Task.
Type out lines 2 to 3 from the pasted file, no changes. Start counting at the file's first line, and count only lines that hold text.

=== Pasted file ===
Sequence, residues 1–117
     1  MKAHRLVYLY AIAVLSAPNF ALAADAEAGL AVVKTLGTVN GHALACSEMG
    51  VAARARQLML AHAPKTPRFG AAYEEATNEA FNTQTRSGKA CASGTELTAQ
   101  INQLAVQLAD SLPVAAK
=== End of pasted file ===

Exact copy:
     1  MKAHRLVYLY AIAVLSAPNF ALAADAEAGL AVVKTLGTVN GHALACSEMG
    51  VAARARQLML AHAPKTPRFG AAYEEATNEA FNTQTRSGKA CASGTELTAQ